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Let him go or lock him up?


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Poll: Let him go or lock him up? (3 member(s) have cast votes)

Should they let him go or should they lock him up?

  1. Let him go. (2 votes [66.67%])

    Percentage of vote: 66.67%

  2. Lock him up. (1 votes [33.33%])

    Percentage of vote: 33.33%

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#1 Elderban

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Posted 17 April 2014 - 05:28 PM

After he was convicted of armed robbery in 2000, Cornealious Anderson was sentenced to 13 years behind bars and told to await instructions on when and where to report to prison. But those instructions never came.

So Anderson didn't report. He spent the next 13 years turning his life around - getting married, raising three kids, learning a trade. He made no effort to conceal his identity or whereabouts. Anderson paid taxes and traffic tickets, renewed his driver's license and registered his businesses.

Not until last year did the Missouri Department of Corrections discover the clerical error that kept him free. Now he's fighting for release, saying authorities missed their chance to incarcerate him.

In a single day last July, Anderson's life was turned upside-down.

"They sent a SWAT team to his house," Anderson's attorney, Patrick Megaro, said Wednesday. "He was getting his 3-year-old daughter breakfast, and these men with automatic weapons bang on his door."

Anderson, 37, was taken to Southeast Correctional Center in Charleston, Mo., to begin serving the sentence. He is 9 months into that sentence. A court appeal filed in February asks for him to be freed.

Anderson had just one arrest for marijuana possession on his record when he and a cousin robbed an assistant manager for a St. Charles Burger King restaurant on Aug. 15, 1999. The men, wearing masks, showed a gun (it turned out to be a BB gun) and demanded money that was about to be placed in a deposit box.

The worker gave up the bag of cash, and the masked men drove away. The worker turned in the car's license plate number.

Anderson was convicted and sentenced to 13 years in prison and waited for word on what to do next.

His attorney told him, "Listen, they're going to get you some day, so just wait for the order," Megaro said. As time goes by, the order never comes. What does a normal person believe? Maybe they forgot about it. It's only human nature to hope they just let it go. He really didn't know what to do.

"A year goes by, two years, five years, 10 years. He's thinking, I guess they don't care about me anymore," Megaro said.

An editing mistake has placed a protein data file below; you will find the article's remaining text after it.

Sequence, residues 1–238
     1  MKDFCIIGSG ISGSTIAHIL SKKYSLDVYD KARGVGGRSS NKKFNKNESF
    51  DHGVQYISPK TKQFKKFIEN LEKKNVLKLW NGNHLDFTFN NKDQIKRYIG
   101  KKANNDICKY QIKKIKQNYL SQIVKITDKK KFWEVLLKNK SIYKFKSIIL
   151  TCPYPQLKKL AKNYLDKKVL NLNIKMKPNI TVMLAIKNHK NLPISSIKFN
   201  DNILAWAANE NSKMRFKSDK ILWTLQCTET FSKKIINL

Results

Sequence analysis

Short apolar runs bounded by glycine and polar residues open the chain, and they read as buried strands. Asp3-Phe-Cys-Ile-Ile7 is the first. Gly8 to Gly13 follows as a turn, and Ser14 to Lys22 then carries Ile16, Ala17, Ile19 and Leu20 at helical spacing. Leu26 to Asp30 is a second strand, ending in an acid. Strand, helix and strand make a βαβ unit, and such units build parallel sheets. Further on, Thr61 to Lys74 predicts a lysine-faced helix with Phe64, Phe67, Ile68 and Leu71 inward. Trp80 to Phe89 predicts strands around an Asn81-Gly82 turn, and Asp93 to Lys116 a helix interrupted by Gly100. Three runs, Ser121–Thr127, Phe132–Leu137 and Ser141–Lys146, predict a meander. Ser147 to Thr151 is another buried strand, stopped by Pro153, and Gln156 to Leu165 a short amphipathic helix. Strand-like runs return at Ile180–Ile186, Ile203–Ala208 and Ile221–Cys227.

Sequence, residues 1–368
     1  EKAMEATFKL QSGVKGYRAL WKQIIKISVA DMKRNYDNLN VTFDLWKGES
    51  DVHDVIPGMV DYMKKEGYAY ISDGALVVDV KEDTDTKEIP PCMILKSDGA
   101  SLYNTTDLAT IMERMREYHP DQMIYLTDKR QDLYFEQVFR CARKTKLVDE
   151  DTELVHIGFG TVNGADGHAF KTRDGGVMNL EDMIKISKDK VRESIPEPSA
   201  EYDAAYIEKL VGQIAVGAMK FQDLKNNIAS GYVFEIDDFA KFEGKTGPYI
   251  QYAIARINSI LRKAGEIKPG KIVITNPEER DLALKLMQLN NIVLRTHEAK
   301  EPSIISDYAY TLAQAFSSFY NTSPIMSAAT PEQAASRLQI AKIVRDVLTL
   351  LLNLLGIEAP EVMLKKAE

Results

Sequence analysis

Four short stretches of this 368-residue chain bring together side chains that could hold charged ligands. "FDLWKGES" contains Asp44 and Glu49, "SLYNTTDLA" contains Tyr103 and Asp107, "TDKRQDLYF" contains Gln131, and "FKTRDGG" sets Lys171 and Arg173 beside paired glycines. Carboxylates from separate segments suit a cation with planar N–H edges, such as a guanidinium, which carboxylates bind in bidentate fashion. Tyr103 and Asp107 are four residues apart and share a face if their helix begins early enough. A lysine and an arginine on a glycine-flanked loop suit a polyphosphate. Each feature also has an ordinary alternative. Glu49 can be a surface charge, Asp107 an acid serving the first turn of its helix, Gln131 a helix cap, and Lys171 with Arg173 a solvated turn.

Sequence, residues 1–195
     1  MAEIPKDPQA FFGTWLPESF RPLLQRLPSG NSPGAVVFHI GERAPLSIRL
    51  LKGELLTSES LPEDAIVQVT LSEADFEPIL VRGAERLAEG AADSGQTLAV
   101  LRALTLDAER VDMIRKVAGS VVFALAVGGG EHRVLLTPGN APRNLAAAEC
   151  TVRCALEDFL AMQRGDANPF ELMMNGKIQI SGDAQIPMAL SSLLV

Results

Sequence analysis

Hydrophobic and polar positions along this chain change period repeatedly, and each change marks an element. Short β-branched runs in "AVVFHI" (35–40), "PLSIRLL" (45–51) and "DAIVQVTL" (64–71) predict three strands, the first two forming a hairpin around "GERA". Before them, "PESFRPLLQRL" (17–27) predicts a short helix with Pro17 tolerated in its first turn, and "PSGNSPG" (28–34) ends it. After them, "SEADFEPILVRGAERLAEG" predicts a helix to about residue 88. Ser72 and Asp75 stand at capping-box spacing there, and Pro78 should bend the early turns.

So Anderson went about his life. Megaro said he was not a fugitive, was never on the run. In fact, just the opposite.

Megaro described Anderson as a model citizen - a married father who became a carpenter and started three businesses. He paid income and property taxes and kept a driver's license showing his true name and address. When he was pulled over for a couple of traffic violations, nothing showed up indicating he should be in prison.

That's why Anderson was shocked when the marshals arrived.

He now lives among the general population at Charleston. Megaro said Anderson is holding his own - barely.

"He's doing his best to keep his spirits up," Megaro said. "Each day that goes by, more hope is lost. It's a daily struggle for him."

Peter Joy, director of the Criminal Justice Clinic at the Washington University School of Law in St. Louis, said it isn't unusual in a country with such a high prison population for sentences to fall through the cracks. What is unusual, Joy said, is for it to go unnoticed for so long.

"The real tragedy here is that one aspect of prison is the idea of rehabilitation," Joy said. "Here we have somebody who has led a perfect life for 13 years. He did everything right. So he doesn't need rehabilitation."

What happens next isn't clear. Missouri Attorney General Chris Koster on Tuesday filed a court response that said the state is justified in making Anderson serve the sentence.

However, Koster wrote that Megaro could refile the case as an action against the director of the Department of Corrections, which could give Anderson credit for the time he was technically at large.

Megaro doubted that strategy would work. He said the law does not allow credit for time served when the convicted person was not behind bars.

"I don't think that's an option, unfortunately," Megaro said.